Kin Stewart used to be a time-traveling secret agent from 2142.
Now, stranded in suburban San Francisco since the 1990s after a botched mission, Kin has kept his past hidden from everyone around him, despite the increasing blackouts and memory loss affecting his time-traveler’s brain. Until one afternoon, his “rescue” team arrives—eighteen years too late.
Kin has to return to 2142, but he’s torn between two lives and desperate for a way to stay connected to both. But when his best efforts threaten to destroy the agency and even history itself, his daughter’s very existence is at risk. It’ll take one final trip across time to save Miranda—even if it means breaking all the rules of time travel in the process.
I know I don’t read a lot of adult science-fiction (too many older white men who complain about things not being ~sciencey~ enough) but Here and Now and Then sounded right up my alley. And you know what? IT WAS TOTALLY WORTH IT.
I loved reading. I loved it so much.
I know Chen shared how he was scared it was too literary for adult science fiction, but it is definitely not too literary in my eyes. It was the perfect amount of literary–the dash of literary that makes it appealing to a more casual reader (like me!).
This dash of literary made the story so heartwrenching (this is why I hate time travel stories–because the nature of time travel is just kind of horrible to families) and reading about Kin trying to make it back to his daughter Miranda made me cry twice while reading.
Yeah, I know.
The entire “literary” portion with the family themes were so strong and powerful (probably also what made it relatable to a YA reader like myself). I mean, Kin is a 40 year old man, an age bracket I don’t normally relate to, but I loved this a lot.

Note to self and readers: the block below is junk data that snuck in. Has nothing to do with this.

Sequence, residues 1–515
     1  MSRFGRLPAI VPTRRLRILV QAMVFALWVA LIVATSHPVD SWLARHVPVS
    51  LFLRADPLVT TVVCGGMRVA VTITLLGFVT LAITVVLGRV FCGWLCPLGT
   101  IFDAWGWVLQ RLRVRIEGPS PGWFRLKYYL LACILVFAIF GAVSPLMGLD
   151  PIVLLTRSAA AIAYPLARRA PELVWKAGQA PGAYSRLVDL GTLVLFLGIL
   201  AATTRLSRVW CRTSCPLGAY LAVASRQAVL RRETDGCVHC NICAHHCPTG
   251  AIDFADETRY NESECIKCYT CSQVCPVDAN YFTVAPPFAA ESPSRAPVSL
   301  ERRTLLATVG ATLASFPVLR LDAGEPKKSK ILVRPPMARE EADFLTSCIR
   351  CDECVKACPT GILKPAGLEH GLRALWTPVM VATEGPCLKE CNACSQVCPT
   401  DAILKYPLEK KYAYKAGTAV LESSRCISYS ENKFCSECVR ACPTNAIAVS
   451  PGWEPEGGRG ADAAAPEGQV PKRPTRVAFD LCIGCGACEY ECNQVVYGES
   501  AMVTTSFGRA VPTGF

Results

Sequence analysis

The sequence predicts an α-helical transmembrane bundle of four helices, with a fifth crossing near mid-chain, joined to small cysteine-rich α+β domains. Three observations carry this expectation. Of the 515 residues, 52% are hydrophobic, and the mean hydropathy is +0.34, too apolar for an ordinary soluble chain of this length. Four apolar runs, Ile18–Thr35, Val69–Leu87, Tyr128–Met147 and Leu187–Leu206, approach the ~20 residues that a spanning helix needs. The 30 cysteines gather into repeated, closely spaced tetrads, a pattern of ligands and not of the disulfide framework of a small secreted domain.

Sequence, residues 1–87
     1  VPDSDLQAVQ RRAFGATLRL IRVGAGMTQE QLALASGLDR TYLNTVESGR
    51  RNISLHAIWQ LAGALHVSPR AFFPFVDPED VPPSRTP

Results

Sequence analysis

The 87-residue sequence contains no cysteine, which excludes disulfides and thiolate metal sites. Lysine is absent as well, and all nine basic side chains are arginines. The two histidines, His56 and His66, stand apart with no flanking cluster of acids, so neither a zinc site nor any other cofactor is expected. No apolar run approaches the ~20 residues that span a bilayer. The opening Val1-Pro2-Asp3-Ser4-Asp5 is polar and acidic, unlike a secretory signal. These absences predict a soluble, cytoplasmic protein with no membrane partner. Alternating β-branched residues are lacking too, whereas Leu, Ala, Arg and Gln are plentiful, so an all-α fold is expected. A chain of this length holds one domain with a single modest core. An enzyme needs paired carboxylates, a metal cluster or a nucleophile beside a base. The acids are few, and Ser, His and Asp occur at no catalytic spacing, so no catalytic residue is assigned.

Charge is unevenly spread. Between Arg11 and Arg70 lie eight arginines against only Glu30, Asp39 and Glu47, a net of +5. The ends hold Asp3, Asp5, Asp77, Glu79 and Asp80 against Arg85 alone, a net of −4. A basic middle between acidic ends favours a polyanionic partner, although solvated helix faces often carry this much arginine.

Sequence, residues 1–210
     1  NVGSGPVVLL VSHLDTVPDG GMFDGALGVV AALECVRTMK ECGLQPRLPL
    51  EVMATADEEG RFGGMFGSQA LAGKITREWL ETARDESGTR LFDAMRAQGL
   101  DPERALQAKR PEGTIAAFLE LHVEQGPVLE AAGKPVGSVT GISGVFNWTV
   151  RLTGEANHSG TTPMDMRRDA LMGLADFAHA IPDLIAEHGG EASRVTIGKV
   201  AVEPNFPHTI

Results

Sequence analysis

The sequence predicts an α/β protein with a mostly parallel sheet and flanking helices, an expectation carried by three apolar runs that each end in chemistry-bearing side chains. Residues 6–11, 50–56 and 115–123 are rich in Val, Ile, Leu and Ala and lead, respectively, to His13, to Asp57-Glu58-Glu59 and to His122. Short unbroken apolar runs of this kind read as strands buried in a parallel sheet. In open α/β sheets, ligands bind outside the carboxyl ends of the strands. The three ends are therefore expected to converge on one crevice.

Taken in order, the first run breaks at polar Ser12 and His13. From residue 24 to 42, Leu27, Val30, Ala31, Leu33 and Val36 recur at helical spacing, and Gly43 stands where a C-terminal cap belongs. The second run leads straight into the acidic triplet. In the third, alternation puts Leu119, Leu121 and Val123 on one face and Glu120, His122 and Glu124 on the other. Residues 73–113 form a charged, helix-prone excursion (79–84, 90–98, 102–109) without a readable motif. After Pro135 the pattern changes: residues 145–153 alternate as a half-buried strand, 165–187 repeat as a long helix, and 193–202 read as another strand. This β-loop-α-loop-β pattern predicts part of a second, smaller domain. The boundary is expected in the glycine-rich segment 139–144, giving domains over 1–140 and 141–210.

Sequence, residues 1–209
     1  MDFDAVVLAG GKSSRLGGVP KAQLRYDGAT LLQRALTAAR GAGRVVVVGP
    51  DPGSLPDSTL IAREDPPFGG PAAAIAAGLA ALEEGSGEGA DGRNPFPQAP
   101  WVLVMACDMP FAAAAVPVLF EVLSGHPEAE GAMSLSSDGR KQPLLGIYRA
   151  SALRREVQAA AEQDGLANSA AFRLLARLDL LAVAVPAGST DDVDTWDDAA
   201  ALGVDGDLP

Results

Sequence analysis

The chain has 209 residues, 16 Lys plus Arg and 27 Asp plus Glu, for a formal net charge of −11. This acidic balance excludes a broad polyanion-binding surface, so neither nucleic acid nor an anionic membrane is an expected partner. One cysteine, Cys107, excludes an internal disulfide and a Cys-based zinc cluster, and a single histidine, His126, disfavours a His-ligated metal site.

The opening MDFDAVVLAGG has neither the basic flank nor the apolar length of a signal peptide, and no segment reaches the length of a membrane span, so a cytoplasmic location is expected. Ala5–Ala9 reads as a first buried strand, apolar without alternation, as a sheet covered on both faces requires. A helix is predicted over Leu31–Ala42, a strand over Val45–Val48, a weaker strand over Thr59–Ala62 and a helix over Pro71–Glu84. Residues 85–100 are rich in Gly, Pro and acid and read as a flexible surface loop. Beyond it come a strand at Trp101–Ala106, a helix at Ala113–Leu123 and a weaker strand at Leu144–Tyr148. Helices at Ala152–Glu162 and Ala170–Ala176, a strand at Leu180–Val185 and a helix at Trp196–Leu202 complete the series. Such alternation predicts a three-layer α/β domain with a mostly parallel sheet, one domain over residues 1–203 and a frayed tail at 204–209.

He’s ripped apart from the family he has created after getting stranded in time–namely, away from his daughter Miranda–and this leads Kin to do a lot of things to both communicate with her, as well as eventually save her.
It’s heartwrenching, and I was definitely a little sad (also a little happy) at the ending. Which wasn’t like Super Sad, but I wish the world wasn’t so cruel that it had to end this way
(But really, Chen made the best ending I could imagine without completely defying all the natural laws he set up in the story.)
And even more than the family portion, reading Kin try and figure out his feelings towards the girlfriend he forgot about when he was stranded, Penny, and the family he created in the past was really interesting and I loved it.
Where the half star came off was honestly from the Penny side–I wish we got to see a little more oomph–impact–from Kin and Penny’s new relationship. Because I think she got the page time she deserved, but I wanted a little more meaning + thought into this part of Kin’s life.
Other than that though, this book was honestly almost flawless. I loved the way everything came together (also, how everything ruined each other because that’s what good plots have) and the time travel was sciencey enough that I enjoyed it, but not too sciencey that it felt like Chen was trying to intentionally confuse the reader and be ~cool~.
Overall, this was an amazing read and I really appreciated so many parts of thisbook, even as a YA reader. I loved the family potrion, I loved the plot, and I loved reading about Kin’s struggles reconciling his old life, his new life, and his old old life. Chen did such a great job with this and I defintiely recommend to anyone looking for a moving adult sci-fi read that could still be enjoyable to YA readers.
Thank you so much to Netgalley and Mira Books for providing me with a digital review copy in exchange for an honest review!